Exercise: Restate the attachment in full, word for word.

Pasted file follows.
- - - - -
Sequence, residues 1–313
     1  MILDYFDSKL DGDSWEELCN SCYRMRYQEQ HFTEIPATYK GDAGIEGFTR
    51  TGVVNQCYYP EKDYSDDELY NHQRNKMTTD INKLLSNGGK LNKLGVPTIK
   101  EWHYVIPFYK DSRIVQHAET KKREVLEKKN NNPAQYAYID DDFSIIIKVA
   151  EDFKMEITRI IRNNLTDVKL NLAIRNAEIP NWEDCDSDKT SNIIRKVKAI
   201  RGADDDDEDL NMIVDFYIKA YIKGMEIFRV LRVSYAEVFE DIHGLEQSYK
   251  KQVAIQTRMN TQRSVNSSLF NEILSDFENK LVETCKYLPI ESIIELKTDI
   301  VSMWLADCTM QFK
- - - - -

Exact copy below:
Sequence, residues 1–313
     1  MILDYFDSKL DGDSWEELCN SCYRMRYQEQ HFTEIPATYK GDAGIEGFTR
    51  TGVVNQCYYP EKDYSDDELY NHQRNKMTTD INKLLSNGGK LNKLGVPTIK
   101  EWHYVIPFYK DSRIVQHAET KKREVLEKKN NNPAQYAYID DDFSIIIKVA
   151  EDFKMEITRI IRNNLTDVKL NLAIRNAEIP NWEDCDSDKT SNIIRKVKAI
   201  RGADDDDEDL NMIVDFYIKA YIKGMEIFRV LRVSYAEVFE DIHGLEQSYK
   251  KQVAIQTRMN TQRSVNSSLF NEILSDFENK LVETCKYLPI ESIIELKTDI
   301  VSMWLADCTM QFK